Much has changed across the NFL landscape since Super Bowl 50. Between free agency, the draft, and time off for healing, there are plenty of reasons to believe some teams will improve on their 2015 campaigns, while some will take a step backwards next season. More can certainly change between now and the start of the 2016 season, but it’s never too early to project how teams will fare. Here are the 16 teams in the NFC ranked by how they are expected to perform next season.
The Cardinals once again exceeded expectations in 2015, and had it not been for their best defensive player getting hurt—and Carson Palmer having his worst game at the worst time—Arizona could have been in the Super Bowl. While some of the NFC’s elite rosters remained mostly intact or had some players leave, the Cardinals were actually able to improve over the course of the offseason. On offense, they let go of several underperforming linemen and brought in the third-highest-graded guard from last year, Evan Mathis. On defense, they improved their pass-rush with Chandler Jones and rookie Robert Nkemdiche.
Some might argue that Seattle should be ahead of Arizona, but this Seahawks’ team doesn’t look as strong as it once did. The majority of their superstars outside of Marshawn Lynch are still on the roster, but the depth isn’t quite there. Their offensive line isn’t as strong as it used to be—incredibly, seeing as it ranked 30th in the NFL last season—and their pass-rush won’t be as strong without Bruce Irvin (now with Oakland). Their superstars on defense have stayed remarkably healthy over the years, and all it would take is an injury or two for this team to come crashing down. Despite all of those negatives, there are plenty of NFL franchises that wish they could have half of the All-Pro-caliber players the Seahawks have rostered.
The defending NFC champions have an offense that should be better than ever, with everyone who had 500 or more snaps returning, along with wide receiver Kelvin Benjamin (injured for all of 2015). The biggest reason for the fall to No. 3 on this list was the loss of Josh Norman, the 11th best player from 2015. Along with Norman, the Panthers lost Jared Allen, Charles Tillman, Cortland Finnegan, and Roman Harper—all players who were past their prime, but still performed at an average level for Carolina last year. The defense still has Kawann Short and Luke Kuechly, so they will remain one of the better teams next season, but will no longer be the most-likely team to win the NFC.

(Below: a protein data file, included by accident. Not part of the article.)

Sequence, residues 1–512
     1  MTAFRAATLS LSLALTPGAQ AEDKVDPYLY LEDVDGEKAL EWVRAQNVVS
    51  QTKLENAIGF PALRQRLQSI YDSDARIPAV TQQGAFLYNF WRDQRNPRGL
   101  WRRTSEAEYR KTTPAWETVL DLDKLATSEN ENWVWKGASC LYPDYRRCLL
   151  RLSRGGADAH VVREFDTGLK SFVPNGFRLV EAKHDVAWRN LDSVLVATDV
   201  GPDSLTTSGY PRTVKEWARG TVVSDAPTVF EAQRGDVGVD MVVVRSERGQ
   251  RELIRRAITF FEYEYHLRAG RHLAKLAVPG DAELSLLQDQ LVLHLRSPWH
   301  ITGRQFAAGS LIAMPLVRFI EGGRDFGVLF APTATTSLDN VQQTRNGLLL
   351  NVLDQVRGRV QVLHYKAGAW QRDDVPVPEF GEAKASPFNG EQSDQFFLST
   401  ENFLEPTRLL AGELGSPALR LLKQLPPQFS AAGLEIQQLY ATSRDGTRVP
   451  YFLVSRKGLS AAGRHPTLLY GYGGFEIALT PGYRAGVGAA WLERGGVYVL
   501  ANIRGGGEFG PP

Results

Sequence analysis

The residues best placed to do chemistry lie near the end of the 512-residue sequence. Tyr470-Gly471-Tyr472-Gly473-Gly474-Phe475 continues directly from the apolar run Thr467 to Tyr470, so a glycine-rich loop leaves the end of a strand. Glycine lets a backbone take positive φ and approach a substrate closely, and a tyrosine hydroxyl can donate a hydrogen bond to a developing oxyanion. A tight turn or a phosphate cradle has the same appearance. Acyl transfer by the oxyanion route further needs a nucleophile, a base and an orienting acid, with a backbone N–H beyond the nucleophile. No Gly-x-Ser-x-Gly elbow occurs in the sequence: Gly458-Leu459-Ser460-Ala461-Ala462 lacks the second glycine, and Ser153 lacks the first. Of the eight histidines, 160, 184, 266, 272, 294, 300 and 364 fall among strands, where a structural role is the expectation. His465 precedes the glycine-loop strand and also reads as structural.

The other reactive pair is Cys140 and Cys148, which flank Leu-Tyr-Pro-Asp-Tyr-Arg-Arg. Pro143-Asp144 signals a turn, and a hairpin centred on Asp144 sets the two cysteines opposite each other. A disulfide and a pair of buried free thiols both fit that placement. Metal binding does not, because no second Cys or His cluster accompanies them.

Green Bay Packers
The Packers’ offense is expected to take a step forward after moving in the wrong direction in 2015. In 2014, when Jordy Nelson was targeted, Aaron Rodgers recorded an NFL passer rating of 128.2, the second-best mark for a wide receiver; in 2015, Rodgers was without his favorite target. The offense also added Jared Cook, who had a down 2015 season, but in 2014, produced a yards per route run of 1.60. The only tight end in the Aaron Rodgers-era to top that number was Jermichael Finley in his best two seasons. The Packers’ defense is one on the rise, thanks to the emergence of players like Mike Daniels, Morgan Burnett, and Quinten Rollins. The team still has some of the same holes, and a few of the Packers’ stars are getting up there in age, preventing them from breaking into the top three on this list.